In last week’s post I mentioned that we would explore the eight educational decrees from Harry Potter and the Order of the Phoenix. Today is the first of those educational decrees, though J. K. Rowling sets them in the context of her world, so the first in this book is labeled as Educational Decree #22.
Educational Decree #22
In short, Educational Decree #22 relates to government hiring at Hogwarts in the event that the Headmaster cannot find a suitable replacement. One of the difficulties in assessing this issue relates to the ambiguity of whether Hogwarts functions as a private institution or a government school. In one book Draco Malfoy boasts that he almost went to Durmstrang, which may suggest that at least Durmstrang is a private school, but his reliability is questionable and that doesn’t provide much insight into the nature of Hogwarts. The fact that apparently only three magical schools exist in western Europe and students are sent letters directly from Hogwarts upon discovery of their magical talent suggest Hogwarts actually functions as a government school.
If Hogwarts is understood as a government run school, then despite government involvement and oversight, the presence of teachers like Rubeus Hagrid and Sybill Trelawney (see Part 1 of this series for more on these two) provides direct evidence that Professor Dumbledore has a right as Headmaster to hire teachers. In fact, the educational decree itself makes clear that the ministry will only hire a teacher in the event that the Headmaster cannot find a suitable replacement. That a government school would have oversight on a government hiring is not surprising; but that a government would seek to undermine the leadership of the school with that hiring is confusing at best. Yet the hiring of Dolores Umbridge is clearly an attempt to undermine the authority and program of Dumbledore at Hogwarts. Perhaps the best explanation, then, is that Hogwarts is designed to function as a private institution.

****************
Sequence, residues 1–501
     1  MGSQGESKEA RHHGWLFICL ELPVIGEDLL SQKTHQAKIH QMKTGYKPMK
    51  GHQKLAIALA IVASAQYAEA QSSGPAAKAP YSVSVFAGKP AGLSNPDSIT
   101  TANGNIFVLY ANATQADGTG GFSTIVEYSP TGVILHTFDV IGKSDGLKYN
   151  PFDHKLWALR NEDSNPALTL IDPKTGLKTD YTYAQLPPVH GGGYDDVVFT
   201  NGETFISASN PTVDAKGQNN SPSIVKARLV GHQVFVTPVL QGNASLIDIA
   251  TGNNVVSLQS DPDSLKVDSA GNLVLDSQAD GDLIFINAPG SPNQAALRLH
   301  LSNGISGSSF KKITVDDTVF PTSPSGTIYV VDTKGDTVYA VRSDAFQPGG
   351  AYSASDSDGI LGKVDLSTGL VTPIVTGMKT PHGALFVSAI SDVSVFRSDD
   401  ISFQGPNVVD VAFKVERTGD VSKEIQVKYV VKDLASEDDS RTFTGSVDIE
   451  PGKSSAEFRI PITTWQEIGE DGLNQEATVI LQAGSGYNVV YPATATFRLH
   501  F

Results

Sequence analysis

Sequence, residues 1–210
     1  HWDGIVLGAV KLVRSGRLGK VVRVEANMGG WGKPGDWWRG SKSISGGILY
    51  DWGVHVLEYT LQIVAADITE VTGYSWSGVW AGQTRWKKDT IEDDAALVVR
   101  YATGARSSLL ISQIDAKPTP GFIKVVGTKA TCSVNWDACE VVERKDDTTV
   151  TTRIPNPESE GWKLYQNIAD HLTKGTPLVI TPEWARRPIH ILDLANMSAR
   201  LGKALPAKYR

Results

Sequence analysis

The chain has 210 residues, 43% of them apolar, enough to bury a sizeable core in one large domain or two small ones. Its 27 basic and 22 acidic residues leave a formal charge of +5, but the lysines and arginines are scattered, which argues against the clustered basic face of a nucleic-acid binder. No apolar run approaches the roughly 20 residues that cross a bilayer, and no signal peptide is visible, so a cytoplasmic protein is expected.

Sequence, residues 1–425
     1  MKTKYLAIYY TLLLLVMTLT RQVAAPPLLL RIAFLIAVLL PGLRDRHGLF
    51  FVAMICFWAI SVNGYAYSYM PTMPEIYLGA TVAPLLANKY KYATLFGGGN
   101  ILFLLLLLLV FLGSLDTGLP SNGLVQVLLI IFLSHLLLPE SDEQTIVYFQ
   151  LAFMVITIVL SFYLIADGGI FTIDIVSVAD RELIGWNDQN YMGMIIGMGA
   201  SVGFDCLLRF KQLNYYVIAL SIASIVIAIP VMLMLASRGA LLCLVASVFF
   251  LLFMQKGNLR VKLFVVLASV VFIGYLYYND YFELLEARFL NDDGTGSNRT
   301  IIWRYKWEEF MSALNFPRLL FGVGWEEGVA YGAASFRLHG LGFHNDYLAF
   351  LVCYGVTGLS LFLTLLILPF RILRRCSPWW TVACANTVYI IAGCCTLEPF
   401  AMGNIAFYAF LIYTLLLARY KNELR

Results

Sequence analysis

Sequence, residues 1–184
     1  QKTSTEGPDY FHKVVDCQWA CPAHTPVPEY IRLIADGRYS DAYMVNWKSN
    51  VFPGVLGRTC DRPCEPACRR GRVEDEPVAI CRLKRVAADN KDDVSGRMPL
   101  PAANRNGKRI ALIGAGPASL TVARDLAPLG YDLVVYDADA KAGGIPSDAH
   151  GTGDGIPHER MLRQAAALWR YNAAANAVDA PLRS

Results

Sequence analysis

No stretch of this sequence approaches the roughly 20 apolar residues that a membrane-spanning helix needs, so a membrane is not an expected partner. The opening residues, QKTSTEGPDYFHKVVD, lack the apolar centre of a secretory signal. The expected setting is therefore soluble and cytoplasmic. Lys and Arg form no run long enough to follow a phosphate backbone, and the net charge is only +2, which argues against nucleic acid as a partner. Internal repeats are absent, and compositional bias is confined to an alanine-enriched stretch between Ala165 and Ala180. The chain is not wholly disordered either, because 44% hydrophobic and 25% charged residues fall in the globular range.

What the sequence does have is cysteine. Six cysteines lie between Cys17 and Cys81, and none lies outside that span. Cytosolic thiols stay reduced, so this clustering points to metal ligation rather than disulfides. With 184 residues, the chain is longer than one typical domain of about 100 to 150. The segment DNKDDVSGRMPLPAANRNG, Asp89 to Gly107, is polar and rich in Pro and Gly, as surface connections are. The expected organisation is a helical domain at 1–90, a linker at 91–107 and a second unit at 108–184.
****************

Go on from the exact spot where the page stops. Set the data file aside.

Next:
If Hogwarts is understood to be a private school, then government legislation that gives them power at Hogwarts is quite disturbing. Currently, classical Christian schools are in no danger of direct government interference of this kind (i.e., hiring teachers), but many are concerned that government legislation could cause serious trouble at private institutions. At the collegiate level, at least, many Christian colleges and universities fear that maintaining a biblical stance on key issues will lead to a loss of accreditation. Thus, while the government may never try to hire teachers for a private school, they can cause significant trouble for the sustainability of Christian institutions. These limitations could likewise harm classical Christian education at younger ages.
This somewhat rambling exploration of whether a fictional, magical institution is privately or government run may seem superfluous, but it certainly can raise helpful questions for classical Christian schools regarding hiring practices and clear operating guidelines. It should also cause us to consider the ways in which the government may make changes that cause challenges for classical Christian schools.
The way in which the Headmaster position is hired in Harry Potter and The Deathly Hallowsalso suggests a government run school, although again, we are talking about the school during the Ministry of Magic takeover by Lord Voldemort.